Last part of paragraph 3 reads: "Her attorneys tried to get the court to believe that her actions were caused by her mental illness and Prozac. The court didn't buy it and gave her the penalty – which on the low end still seems rather light to me."
A teacher who already had been found guilty of having sex with a boy who was under the age of 15 said at her sentencing phase of her trial this week, "I was the monster these families think I am." An honest admission from a teacher who had betrayed massive trust of students, parents, family and friends.
That teacher was not Debra LaFave.
This teacher's name was Toni Woods, and late yesterday she was sentenced to four to 20 years in prison for having sex with multiple boys under the age of 15. Woods did try LaFave's trick, though. Her attorneys tried to get the court to believe that her actions were caused by her mental illness and Prozac. The court didn't buy it and gave her the penalty – which on the low end still seems rather light to me. Sex with four children only gets you four years?
Would that the judge and the prosecutors in the LaFave trial could have gotten four years for the monster in that case.
LaFave's story is all the more damning because she makes no admission. Listen to what the "American Woman" says: "No one reported on my bi-polar. The media were so mean." Yeah, babe, cry us a river.
LaFave's joke of a press conference reminded me of a snotty brat that always gets her way. And the problem now is that her press conference was in essence the final say on the matter.
Now, mental health professionals will have to yield to LaFave's version of events, because those who diagnosed her were never questioned as to the accuracy of their diagnosis. No true cross examination took place forcing the facts on LaFave's true mental state. Fortunately, my listeners are much more savvy. And while the rest of the world is willing to let LaFave skate, we are not. These were just some of the observations listeners to my show, "The MuscleHead Revolution," made in discussing the matter yesterday.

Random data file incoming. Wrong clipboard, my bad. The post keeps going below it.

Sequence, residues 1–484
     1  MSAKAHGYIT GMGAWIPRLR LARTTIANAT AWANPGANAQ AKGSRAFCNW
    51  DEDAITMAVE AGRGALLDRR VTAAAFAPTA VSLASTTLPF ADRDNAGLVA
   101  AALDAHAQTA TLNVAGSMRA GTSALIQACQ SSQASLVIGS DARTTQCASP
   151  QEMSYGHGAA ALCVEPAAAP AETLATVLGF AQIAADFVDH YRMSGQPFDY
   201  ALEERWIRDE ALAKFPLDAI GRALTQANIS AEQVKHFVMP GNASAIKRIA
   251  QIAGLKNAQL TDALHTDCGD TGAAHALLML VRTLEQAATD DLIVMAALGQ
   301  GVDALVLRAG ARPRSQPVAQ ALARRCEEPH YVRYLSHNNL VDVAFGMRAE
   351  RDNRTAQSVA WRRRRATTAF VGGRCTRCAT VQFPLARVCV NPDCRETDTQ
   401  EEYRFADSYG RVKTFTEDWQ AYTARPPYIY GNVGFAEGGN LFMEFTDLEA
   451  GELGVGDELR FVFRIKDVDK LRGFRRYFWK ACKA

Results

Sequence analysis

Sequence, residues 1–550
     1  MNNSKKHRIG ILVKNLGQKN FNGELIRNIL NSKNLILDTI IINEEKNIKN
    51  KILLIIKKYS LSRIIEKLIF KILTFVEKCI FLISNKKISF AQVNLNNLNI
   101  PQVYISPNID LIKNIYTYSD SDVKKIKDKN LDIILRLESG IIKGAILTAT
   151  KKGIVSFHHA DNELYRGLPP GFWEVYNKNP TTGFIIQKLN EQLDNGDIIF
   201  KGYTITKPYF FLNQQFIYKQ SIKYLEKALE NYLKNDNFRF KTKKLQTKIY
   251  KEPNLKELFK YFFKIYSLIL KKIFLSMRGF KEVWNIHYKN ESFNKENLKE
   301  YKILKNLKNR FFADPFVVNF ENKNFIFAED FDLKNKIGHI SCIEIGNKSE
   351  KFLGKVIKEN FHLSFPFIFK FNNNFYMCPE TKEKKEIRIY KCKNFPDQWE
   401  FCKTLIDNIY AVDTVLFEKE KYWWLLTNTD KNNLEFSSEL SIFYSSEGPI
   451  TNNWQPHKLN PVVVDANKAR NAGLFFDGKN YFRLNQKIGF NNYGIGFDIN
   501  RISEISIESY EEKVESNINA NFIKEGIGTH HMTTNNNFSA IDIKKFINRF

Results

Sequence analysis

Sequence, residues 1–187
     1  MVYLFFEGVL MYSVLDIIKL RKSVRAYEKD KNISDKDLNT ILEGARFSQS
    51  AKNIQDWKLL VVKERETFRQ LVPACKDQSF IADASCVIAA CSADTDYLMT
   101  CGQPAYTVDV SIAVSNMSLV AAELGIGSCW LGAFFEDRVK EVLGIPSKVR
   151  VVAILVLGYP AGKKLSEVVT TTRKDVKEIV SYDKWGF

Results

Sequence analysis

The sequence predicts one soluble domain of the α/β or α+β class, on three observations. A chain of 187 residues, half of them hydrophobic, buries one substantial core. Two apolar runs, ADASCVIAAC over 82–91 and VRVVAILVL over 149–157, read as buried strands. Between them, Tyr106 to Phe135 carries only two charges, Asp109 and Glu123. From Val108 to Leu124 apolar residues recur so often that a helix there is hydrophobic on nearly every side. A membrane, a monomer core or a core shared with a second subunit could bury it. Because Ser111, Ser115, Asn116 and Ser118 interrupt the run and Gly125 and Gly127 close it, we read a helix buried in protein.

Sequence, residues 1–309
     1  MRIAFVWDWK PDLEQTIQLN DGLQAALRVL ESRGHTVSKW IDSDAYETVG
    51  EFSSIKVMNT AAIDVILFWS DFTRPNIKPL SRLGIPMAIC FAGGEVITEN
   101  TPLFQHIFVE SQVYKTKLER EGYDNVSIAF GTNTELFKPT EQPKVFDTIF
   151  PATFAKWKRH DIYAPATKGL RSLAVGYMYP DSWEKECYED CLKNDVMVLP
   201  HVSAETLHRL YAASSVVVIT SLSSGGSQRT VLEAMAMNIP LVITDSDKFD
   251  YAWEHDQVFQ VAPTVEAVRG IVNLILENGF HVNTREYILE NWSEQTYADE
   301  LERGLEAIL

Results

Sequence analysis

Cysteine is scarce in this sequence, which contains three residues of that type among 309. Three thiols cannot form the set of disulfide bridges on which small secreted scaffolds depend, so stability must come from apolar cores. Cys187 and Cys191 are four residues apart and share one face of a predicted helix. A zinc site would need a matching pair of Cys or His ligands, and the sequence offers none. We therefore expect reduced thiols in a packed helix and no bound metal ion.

- How is it that her bi-polar symptoms only mysteriously appeared once she had been charged with the crime?
- How is it that her former husband has no recollection of bi-polar symptoms prior to the discovery of her sins?
- How is it that her school administrators, doctors and even parents were unable to discover her bi-polar nature throughout the entirety of her life?
- How is it that if her first incidence of sex with the minor was based on her bi-polar problem, did it only resurface and reoccur when she was sexually aroused to be with the same student again?
There were a lot of other things LaFave said in her press conference. listen to the arrogance for yourself – a la Mrs. Robinson. Since much of my audience are Christians, from New York City to Humble, Texas, they openly doubted the veracity of LaFave's claim that she is a "strong Christian woman." I also drew personal amusement from the fact that while she also slammed the media coverage of her trial in every other breath, she then stated that she had decided that journalism was the pursuit she should follow since she could no longer teach.
If you can't get them to like you, become one of them, huh?
But by far the most insulting statement LaFave made was the fact that this entire, sad, evil charade that had played over the last 18 months amounted to nothing more than "a bump in the road." ( Listen for yourself.)
In other words – and this is really key – she doesn't see herself as "the monster that family thinks she is."
Before she embarrassed true, believing Christians all over the world, she should have taken the moment to consider the arrogance with which she still defiantly expresses her position in the matter.
And here is where the irony sits: had she admitted that she was a monster, she would have earned greater respect and support from Christians in their response to her from God-given compassion. Instead, her cold, steel-like arrogance further isolates her from those who can easily spot the truth from the phony.
So Woods will do time, admitting she was a monster in her behavior. LaFave skates but gets a new piece of tracking jewelry on her arm and has to vow "not to get caught" for the next seven years.
One monster might find redemption; the other one thinks she's fooled them all.
Not bad ... for nothing more than a "bump in the road."